Less than two years old, 5 Rabbit Cerveceria has found success that many young craft breweries would envy.
Its founders — Mexican and Costa Rican nationals — found a fresh niche in the industry: the first Latin-themed craft brewery in the United States. Renowned beer expert Randy Mosher agreed to come on as a minority partner and write their recipes. The partners hired a well-regarded brewer from Goose Island to run their new Bedford Park brewery. They even won two medals at the Great American Beer Festival, one of the world's preeminent competitions.
But in recent months, the relationship between co-founders Isaac Showaki and Andres Araya has frayed so badly that Araya filed suit against his partner in Cook County circuit court this week, claiming defamation.
Araya alleges that Showaki told multiple people that Araya had stolen money from the brewery — including $25,000 from a recent investor — and that he had had an extra-marital affair with a former female employee.
Mosher said Wednesday it was clear the partners' relationship was deteriorating, but that "the intent was to carry on and focus on the cool stuff that was happening for us."
"Now it's up to those guys and the lawyers as to how this will work out," he said.
But Mosher said 5 Rabbit has no plans to curb production at the brewery it opened in November following 18 months of having its beers made under contract at other breweries. Its first batches of beer made in Bedford Park will reach shelves and taps in the coming weeks.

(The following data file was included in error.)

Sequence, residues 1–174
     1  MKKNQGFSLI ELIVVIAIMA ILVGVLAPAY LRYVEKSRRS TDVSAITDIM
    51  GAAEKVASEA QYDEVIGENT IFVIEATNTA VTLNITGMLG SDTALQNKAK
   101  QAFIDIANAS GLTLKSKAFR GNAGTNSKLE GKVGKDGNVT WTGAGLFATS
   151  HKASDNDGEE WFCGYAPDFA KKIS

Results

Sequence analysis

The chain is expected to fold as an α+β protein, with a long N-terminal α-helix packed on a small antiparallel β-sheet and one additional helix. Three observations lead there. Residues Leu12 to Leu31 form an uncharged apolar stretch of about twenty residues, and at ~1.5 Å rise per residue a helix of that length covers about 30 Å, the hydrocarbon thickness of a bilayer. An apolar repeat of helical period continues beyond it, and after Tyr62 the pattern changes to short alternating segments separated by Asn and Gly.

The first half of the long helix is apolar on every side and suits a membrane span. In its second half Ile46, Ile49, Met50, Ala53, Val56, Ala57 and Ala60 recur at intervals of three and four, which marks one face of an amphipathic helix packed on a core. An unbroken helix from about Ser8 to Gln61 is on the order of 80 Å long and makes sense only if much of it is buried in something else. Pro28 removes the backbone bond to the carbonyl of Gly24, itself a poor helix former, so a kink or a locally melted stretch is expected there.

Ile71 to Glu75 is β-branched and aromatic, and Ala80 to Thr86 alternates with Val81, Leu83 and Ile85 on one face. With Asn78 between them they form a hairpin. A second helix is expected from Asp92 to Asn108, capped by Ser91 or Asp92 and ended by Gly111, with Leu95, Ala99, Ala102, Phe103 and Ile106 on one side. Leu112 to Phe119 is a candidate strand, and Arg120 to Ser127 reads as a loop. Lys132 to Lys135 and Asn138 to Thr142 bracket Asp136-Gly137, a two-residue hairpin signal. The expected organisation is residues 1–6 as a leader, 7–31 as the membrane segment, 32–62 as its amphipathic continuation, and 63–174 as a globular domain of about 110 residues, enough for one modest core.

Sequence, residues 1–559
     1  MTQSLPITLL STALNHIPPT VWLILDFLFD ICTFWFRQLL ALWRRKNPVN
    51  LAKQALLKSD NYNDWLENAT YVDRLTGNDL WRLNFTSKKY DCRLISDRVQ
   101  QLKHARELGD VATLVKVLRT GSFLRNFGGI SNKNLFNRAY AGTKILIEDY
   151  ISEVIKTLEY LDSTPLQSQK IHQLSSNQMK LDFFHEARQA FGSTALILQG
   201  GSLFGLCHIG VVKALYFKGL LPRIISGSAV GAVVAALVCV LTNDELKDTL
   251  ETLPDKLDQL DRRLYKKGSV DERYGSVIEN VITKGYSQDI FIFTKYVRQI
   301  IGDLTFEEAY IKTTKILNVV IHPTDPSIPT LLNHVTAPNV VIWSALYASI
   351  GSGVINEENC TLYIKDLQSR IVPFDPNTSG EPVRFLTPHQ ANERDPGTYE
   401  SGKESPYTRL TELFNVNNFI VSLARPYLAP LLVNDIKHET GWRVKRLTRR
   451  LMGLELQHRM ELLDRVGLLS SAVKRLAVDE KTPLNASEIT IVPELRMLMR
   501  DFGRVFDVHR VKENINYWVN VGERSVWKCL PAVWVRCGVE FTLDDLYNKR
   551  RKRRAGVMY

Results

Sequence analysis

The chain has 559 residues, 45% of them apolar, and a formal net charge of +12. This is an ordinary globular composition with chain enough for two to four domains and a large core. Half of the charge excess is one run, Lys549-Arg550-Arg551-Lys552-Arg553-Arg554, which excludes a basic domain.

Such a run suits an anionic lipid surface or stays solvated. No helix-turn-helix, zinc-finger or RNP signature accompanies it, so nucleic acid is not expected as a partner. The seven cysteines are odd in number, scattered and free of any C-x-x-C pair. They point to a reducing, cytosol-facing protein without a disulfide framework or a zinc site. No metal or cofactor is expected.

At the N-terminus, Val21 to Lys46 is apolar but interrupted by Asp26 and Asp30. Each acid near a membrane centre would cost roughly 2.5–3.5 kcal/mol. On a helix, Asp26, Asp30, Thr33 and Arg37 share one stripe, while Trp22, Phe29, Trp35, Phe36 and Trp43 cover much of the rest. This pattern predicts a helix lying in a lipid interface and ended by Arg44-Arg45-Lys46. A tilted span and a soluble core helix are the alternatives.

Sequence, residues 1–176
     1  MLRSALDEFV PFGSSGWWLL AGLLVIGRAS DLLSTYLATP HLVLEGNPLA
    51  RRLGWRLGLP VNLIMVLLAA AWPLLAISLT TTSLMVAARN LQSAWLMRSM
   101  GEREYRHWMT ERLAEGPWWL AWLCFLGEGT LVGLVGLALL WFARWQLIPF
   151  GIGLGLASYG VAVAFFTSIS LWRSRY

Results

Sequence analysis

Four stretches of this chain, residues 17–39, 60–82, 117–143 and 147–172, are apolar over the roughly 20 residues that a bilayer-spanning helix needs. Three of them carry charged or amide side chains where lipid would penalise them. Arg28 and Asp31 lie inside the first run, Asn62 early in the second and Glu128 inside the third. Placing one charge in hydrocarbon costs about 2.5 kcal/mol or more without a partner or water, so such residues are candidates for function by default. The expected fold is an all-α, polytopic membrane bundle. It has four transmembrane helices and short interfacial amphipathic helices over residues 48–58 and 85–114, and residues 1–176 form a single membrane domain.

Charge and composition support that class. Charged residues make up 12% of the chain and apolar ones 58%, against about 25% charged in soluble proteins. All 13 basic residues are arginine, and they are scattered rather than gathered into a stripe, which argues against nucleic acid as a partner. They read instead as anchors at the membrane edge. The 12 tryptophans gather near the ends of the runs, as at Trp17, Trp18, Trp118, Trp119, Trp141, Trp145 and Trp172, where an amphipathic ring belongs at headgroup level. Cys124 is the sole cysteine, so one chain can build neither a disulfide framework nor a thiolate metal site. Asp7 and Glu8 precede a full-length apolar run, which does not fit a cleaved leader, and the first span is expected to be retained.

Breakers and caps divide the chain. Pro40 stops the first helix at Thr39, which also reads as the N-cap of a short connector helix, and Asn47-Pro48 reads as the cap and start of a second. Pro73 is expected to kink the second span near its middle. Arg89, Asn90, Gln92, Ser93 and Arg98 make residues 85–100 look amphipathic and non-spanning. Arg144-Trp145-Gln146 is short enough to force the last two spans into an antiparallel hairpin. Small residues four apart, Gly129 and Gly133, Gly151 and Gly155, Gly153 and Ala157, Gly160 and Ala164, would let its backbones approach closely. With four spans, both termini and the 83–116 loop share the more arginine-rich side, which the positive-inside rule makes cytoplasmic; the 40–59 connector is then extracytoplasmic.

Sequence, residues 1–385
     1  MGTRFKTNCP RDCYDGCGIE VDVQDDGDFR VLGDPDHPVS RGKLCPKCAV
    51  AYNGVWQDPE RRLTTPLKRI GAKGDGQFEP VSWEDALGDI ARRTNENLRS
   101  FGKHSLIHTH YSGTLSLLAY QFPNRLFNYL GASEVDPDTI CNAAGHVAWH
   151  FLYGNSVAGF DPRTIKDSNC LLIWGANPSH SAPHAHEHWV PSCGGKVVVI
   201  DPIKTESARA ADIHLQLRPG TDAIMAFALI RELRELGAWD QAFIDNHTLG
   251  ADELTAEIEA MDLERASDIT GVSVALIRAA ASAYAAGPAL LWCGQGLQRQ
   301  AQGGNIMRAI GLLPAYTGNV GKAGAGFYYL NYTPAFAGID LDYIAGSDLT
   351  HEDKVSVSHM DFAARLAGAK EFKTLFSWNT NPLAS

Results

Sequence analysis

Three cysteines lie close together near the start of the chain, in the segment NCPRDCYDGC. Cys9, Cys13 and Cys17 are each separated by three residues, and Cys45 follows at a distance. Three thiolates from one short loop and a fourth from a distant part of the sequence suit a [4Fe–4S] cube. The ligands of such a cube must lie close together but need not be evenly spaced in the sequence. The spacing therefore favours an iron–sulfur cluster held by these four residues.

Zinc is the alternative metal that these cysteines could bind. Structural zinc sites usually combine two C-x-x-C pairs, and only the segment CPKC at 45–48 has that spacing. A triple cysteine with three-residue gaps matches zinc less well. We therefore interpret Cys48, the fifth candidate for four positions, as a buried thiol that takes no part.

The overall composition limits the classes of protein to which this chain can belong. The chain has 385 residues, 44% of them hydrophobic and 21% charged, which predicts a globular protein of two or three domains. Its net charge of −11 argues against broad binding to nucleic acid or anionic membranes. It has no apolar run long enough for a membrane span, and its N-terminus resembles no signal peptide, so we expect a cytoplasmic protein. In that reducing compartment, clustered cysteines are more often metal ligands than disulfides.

"It's very, very difficult to imagine that happening," Mosher said. "We're just getting going. It would be crazy to let this stop."
According to the lawsuit, filed Monday, the relationship between Showaki and Araya began to deteriorate in late October, when "Showaki became increasingly obsessed with his perceived lack of power and influence at the company." He began "a campaign to tarnish and besmirch Araya's reputation in an effort to acquire control of the company," the suit says.
Araya alleges that Showaki told multiple people, including Mosher, that Araya had stolen money from the brewery and about the supposed affair.
(Araya and Showaki could not be reached for comment; the woman named in the suit said Wednesday that the allegation of the affair is false.)
"I'm not sure the work environment suffered, but for sure their relationship deteriorated," Mosher said. "For everyone else it was not all that obvious."
He declined to discuss specifics of the lawsuit.
Araya, a native Costa Rican, and Showaki, born in Mexico, met seven years ago while working as consultants at Bain Capital in Mexico City, working on a joint project with one of Latin America's largest breweries.
They briefly discussed opening a craft brewery in Latin America, but saw a more promising opportunity in the United States. Wanting a city with a significant Hispanic population, burgeoning beer scene and affordable living, they chose Chicago over Los Angeles, New York, Miami and Austin, Texas. The brewery has been largely embraced by bars and restaurants, which included convincing a series of Chicago Chipotle restaurants to carry 5 Rabbit.
Both partners remain active at the brewery, but whether both stay on remains to be seen. Araya is seeking damages in excess of $100,000.
"At this time, where all this great stuff is going on for the brewery — the beer is tasting great and we are rolling out this dream that everyone has had — it's hard to understand," Mosher said.
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